We arrived with trepidation at Tioman Island on the east coast of Malaysia ready and raring for a couple of weeks aboard the yacht Labarque after a few hectic days in Singapore. The plan would be to spend a couple of days anchored off Tioman Island, then make our way slowly north through Kuantan, Chukai and finally ending up in Terengganu by which time I would be a sort of modern day, but just as legendary of course, Captain Cook.
Very kindly, we’d been invited to join my dad’s cousin Patrick and his partner Elizabeth on Labarque, a beautifully antique ketch, their home journeying around the world the way we all dream.
Tioman is a small, beautiful island with a number of bays. We were anchored off the main village called Tekek and spent a couple of days exploring, discovering delicious Roti Canai (a sort of flatbread served with a curry sauce), drinking Teh Tarik (a tea so sweet your teeth melt), getting lost (though I’m not sure how that’s possible on a minuscule island) and watching with squinted eyes as huge planes attempted to bank and land on the tiny strip of tarmac (with a cliff wall at the end!) that they call a runway.
As Patrick & Elizabeth will attest, life on board is not all glitz and glamour. Firstly there’s the endless TLC that an older boat requires and then the long nights spent rolling as we did in a swell outside Kuantan. Ruth and I, at the front of the boat, must have looked ridiculous lying spread eagle, limbs all over the place, bracing ourselves on anything we could find so as not to roll out of bed. We made it through the night though and found our way to park up (technical term we sailors use) outside of Kuantan – a town with a genuinely nice feel to it. We wandered around, visiting the museum and catching up on some of the work required to keep this blog up and running.
Next we sailed to Kapas, a glorious island I’ll tell you more about next time, where we spent as much time as possible snorkelling. I’d been wanting desperately to see some of the reef sharks and turtles we’d been told were “everywhere”. Clearly not in any of the places I decided to splash about. Not one, NOT ONE! Just a tonne of jellyfish which somehow annoyingly creep up on you when you’re least expecting it. I was just about ready to slice my arm off to give the sharks something to aim for but no, it wasn’t to be. There were loads of clown fish though (Nemos for the uninitiated) amongst an abundance of other weird lifeforms to make up for it and left the island satisfied meandering our way slowly to Terengganu.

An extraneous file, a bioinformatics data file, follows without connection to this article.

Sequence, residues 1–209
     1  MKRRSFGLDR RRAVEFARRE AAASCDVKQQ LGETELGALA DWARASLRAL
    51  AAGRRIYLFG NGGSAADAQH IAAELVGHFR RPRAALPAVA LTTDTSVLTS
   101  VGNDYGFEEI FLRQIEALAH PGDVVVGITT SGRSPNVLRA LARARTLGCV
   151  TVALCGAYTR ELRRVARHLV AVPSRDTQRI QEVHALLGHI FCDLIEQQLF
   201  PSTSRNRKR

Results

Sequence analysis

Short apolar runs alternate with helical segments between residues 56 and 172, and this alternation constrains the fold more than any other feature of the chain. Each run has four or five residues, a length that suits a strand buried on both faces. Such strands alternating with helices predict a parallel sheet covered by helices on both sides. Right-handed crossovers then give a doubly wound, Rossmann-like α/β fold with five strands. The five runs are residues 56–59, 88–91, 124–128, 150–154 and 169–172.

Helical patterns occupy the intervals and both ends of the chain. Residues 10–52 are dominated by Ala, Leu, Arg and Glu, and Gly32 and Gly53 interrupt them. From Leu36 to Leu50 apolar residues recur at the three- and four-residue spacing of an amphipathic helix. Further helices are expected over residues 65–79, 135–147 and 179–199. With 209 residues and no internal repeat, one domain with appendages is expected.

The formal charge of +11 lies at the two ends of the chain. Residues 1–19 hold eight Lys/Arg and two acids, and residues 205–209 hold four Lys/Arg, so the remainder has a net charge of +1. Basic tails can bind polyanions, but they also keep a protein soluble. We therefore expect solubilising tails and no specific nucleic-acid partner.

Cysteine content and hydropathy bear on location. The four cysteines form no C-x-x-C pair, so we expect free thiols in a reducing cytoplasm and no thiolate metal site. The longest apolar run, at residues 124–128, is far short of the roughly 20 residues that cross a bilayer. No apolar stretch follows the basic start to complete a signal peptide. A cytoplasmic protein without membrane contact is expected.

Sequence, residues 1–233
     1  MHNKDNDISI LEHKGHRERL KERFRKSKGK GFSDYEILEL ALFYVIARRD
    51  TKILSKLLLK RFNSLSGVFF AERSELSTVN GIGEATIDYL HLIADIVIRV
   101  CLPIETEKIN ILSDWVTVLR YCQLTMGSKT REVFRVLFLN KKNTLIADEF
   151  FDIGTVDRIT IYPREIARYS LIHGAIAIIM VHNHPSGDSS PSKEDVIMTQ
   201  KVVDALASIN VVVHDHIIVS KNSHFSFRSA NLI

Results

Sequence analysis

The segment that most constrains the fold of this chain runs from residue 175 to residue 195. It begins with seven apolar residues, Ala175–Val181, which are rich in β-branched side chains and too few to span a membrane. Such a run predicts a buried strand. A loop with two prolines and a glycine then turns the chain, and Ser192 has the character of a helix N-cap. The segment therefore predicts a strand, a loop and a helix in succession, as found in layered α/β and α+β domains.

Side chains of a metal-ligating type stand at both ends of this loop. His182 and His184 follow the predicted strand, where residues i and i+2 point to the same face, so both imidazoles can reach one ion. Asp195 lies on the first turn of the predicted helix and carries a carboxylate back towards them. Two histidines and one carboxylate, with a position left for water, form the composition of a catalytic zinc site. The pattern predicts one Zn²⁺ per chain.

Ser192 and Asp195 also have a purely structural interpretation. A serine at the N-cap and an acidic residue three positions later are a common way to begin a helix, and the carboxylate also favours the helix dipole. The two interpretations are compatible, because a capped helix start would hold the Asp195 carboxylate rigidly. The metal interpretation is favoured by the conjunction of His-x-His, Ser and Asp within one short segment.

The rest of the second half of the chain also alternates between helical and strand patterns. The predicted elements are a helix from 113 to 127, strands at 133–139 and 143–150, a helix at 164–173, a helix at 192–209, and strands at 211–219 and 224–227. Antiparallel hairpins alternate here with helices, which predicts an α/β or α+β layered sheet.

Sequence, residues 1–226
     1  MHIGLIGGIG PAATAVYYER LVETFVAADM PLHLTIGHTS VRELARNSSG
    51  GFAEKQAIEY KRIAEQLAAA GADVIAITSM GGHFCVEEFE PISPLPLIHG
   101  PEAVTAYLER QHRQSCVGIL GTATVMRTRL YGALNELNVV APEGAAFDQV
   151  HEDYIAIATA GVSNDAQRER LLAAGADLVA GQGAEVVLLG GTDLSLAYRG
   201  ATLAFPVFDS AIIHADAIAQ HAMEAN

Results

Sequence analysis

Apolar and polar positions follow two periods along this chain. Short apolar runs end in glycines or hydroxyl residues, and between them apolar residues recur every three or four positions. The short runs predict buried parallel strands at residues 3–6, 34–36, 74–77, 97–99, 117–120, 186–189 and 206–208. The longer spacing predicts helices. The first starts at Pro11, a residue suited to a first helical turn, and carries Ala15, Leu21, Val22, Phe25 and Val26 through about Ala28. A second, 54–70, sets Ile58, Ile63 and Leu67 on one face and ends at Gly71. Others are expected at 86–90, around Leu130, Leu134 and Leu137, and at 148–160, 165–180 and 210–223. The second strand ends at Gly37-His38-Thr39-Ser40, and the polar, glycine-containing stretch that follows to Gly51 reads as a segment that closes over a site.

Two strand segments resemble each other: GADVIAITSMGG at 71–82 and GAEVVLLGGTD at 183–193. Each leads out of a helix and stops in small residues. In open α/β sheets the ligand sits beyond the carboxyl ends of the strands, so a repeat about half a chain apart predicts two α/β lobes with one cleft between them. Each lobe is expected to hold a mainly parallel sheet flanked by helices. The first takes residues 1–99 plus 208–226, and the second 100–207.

We weren’t sea sick once, hooray! A pleasant surprise since the last time I was on a boat was on the Great Barrier Reef and I spent the entire time face down over the side. I managed to show my complete lack of sea faring ability by giving a horrible demonstration of knot tying. Patrick tried, and sadly failed, to teach me as I was utterly useless. I’m pretty sure I got the knot tying badge at cub scouts, one of about 6 badges I managed to achieve in 3 years hard graft. Maybe they just gave me the badge in sympathy or found it lying around somewhere and got my mum to stitch it on for me (I had no badge for sewing).
Terengganu, the town where we would leave the boat, was and is lovely. I spent hours, literally, traipsing behind Ruth around the mazes of fabric markets. Hours. And hours. Each day would begin with a new excuse to “pop back”: “But we don’t have a present for my grandma”, “I need some for a cushion I’m going to make”, “What if I find the perfect fabric for my wedding dress?”. Other than the fabric markets, which I could now draw a map of blindfolded, Terengganu had another offering for us. A batik factory and shop. More fabric. Brilliant. Ruth had a great time, I ate ice cream.
After a few days of pottering about we said our goodbyes and left with high hopes and good wishes for the next stop, Penang. We’re both extremely grateful to Patrick and Elizabeth for allowing us to invade their little world on Labarque, and so give us a totally different experience of travelling.
And on another note, it turns out I’m more Captain Pugwash than Captain Cook.
Click the images to enlarge and cycle through – there are lots this time!